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Peter Shaffer’s Amadeus, one of the longest running dramas to ever grace the Broadway stage, is back. But is it better than ever?
The play, as you may recall, is the story of the jealousy Antonio Salieri, the most renowned composer of his age, felt toward that young upstart Wolfgang Amadeus Mozart, whose true genius only Salieri (in Shaffer’s vision) could appreciate. In the end, Salieri became so obsessed with Mozart’s superior artistry that on his death bed he babbled incoherently that he had murdered Mozart more than thirty years earlier. He was mad, of course. Or was he? This is the historical mystery that Shaffer presumes to unravel in his imaginative retelling of the tale. Along the way he engages in a fascinating meditation on the urge to excellence and fame that many of us feel and the mediocrity to which most people — present company excepted, of course — are condemned.
The current production of Amadeus, under the assured direction of Peter Hall, isn’t just another revival, however. Shaffer has reworked the script, subtly but tellingly, to produce a new Amadeus for the millennium.
This Amadeus is a more neatly balanced piece of work. In the original, if memory serves, Salieri was more a villain and Mozart more a twit. The villainy and the twittery are still there, of course, but now with more shading. All in all, the changes make for a a more fully satisfying evening.
Amadeus is still talky, though — it’s nearly three hours with intermission — and despite Shaffer’s clever dialog and his ability to make abstract ideas take form in your mind’s eye, the play remains more an intellectual than emotional experience. This is largely due to Shaffer’s device of casting the entire play as a reverie that occurs in the hours before Salieri’s death with Salieri narrating the action directly to the audience.
On the one hand, this is a convenient (some might say lazy) device that solves all sorts of problems for the playwright. Unfortunately, it also makes it difficult for the audience to enter fully into the emotional lives of the characters on stage since we are constantly being reminded that this is, after all, just a play, the people in it merely phantoms. Of course, an accomplished playwright can make us overlook these faults and Shaffer succeeds to a great extent. Too bad so many lesser playwrights have cheapened this structural device to the point where it looks a bit shopworn even in the most accomplished of hands.
Whatever the faults of the script may or may not be, there’s no denying the fact that Shaffer has written two incredibly flashy roles for actors and David Suchet as Salieri and Michael Sheen as Mozart make the most of the opportunities.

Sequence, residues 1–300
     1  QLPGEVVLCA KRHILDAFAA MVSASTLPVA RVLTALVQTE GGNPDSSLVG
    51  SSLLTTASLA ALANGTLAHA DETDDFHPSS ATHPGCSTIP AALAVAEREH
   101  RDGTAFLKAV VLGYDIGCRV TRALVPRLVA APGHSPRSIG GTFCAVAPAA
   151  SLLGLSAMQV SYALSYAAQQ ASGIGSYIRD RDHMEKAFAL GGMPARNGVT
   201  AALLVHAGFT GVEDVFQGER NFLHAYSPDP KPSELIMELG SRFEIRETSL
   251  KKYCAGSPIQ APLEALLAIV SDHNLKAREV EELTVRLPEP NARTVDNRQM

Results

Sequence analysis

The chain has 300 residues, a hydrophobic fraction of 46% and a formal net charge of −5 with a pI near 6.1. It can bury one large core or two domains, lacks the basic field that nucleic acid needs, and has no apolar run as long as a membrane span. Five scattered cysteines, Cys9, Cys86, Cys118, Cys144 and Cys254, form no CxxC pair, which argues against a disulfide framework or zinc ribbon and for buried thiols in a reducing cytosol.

For those who know him only as the prissy Hercule Poirot of the PBS television series Suchet’s Salieri will be a revelation. He is sleek, graceful and, in spite of his character’s protestations to the contrary, rather sexy. His vocal technique is quite simply dazzling as he slides from decrepit old age to the vigor of his younger days. This is a supremely assured performance that serves its intellectual demands well while adding as much emotion as the part allows.
The showier, but more problematic, part is Mozart and here newcomer Michael Sheen shines. He makes us understand why the hyperkinetically coarse young Mozart was such a turnoff to ever-so-sophisticated Viennese society but he also shows us a basic childlike goodness beneath and the artist’s commitment to the truth that lies in beauty. As he ages and his fortunes and health crumble, Sheen undergoes a marvelous transformation, creating a truly tragic Mozart. If Shaffer’s narrative devices didn’t constantly get in the way, it might reduce us to tears.
At the moment, “Amadeus” is the classiest show on Broadway, which may be to relegate it to a somewhat underpopulated ghetto. Those who don’t get upset by plays that make them think and those who appreciate great acting will find much to please them here. Both of the lead performances are good bets for Tony nominations, but my money’s on Sheen. There’s an excellent chance he’ll become one of England’s finest actors. This is your chance to say, “I saw him when.”
But what of the mystery? Did Salieri really murder Mozart? I don’t want to give too much away so all I’ll say is, “Keep your eyes on the cook!”